Mr. Pote's shop sells beans now. He has N bags of beans in his warehouse, and he has numbered them with 1, 2, …, N according to their expired dates. The i-th bag contains Wi units of beans. For selling at retail makes only a little profit, Mr. Pote want to pack beans in small packets with certain size and sell them in packets. Here comes his packing way:
Suppose the size of the packet is P units. Firstly, Mr. Pote selects some bags (at least one) of beans with consecutive number in his warehouse. Then he takes out the beans from all selected bags, and puts them together on the desktop. To pack the beans, he take P units of beans from desktop and fill in a new packet each time, until the beans left are less than P units. Finally the beans left on the desktop are eaten by a lucky dog.
Mr. Pote doesn't want the dog eat too many beans, so he prefers to solutions that resulting no more than K units of beans eaten by the dog. Moreover, he also wants to pack as many packets as possible. Could you tell him how many packets he can pack at most without breaking his preference?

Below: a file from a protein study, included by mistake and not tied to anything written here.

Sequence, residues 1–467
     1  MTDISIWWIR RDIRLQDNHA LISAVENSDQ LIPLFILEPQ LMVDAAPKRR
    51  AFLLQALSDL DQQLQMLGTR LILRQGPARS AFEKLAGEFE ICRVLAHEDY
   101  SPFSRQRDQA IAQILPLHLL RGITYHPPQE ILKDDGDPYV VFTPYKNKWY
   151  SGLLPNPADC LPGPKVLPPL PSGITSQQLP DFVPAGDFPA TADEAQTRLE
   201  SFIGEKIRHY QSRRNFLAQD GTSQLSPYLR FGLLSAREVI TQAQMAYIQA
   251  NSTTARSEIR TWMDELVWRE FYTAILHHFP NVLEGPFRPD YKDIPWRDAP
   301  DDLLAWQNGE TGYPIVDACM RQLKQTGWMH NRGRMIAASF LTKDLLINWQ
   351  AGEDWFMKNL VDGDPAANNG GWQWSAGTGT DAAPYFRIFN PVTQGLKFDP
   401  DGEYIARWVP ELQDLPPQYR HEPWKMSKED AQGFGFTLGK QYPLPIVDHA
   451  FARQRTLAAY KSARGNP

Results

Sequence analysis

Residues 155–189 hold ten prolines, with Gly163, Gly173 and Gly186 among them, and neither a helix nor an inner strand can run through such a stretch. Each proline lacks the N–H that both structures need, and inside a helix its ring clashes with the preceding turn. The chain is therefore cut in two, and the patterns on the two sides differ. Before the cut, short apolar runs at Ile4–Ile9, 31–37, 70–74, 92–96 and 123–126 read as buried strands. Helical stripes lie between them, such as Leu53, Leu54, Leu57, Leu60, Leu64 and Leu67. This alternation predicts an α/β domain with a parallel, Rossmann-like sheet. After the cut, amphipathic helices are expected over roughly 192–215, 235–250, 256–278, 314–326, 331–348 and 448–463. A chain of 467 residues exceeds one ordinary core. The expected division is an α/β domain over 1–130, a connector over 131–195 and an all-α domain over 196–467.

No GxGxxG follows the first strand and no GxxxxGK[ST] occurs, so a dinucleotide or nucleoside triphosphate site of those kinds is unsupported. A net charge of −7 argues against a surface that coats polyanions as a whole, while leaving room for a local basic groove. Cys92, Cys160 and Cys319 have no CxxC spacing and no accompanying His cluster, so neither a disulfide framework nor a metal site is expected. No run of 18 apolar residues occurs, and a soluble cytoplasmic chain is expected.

On the first line of input, there is a single positive integer T <= 20 specifying the number of test cases to follow.
Each test case contains two lines.
There are three integers in the first line, N, P, K as described above. (0 < N, P < 1000001, 0 <= K < P)
Next follow a line with N integers W1, W2, ..., WN. The i-th integers describes the amount of beans in the bags numbered i. (0 <= Wi < 32768)
Numbers are separated by spaces.
For each test case you should output a single line containing "Case X: Y" (quotes for clarity) where X is the number of the test case (starting at 1) and Y is the maximum number of packets that Mr. Pote can pack following his way.
In case there's no solution avoiding the dog eats more than K units of beans, Y should be equal to -1.
10 20 10
0 3 1 8 19 39 2 9 1 8
3 100 10
32 34 23
1 5 3
Case 1: 4
Case 2: -1
Case 3: 0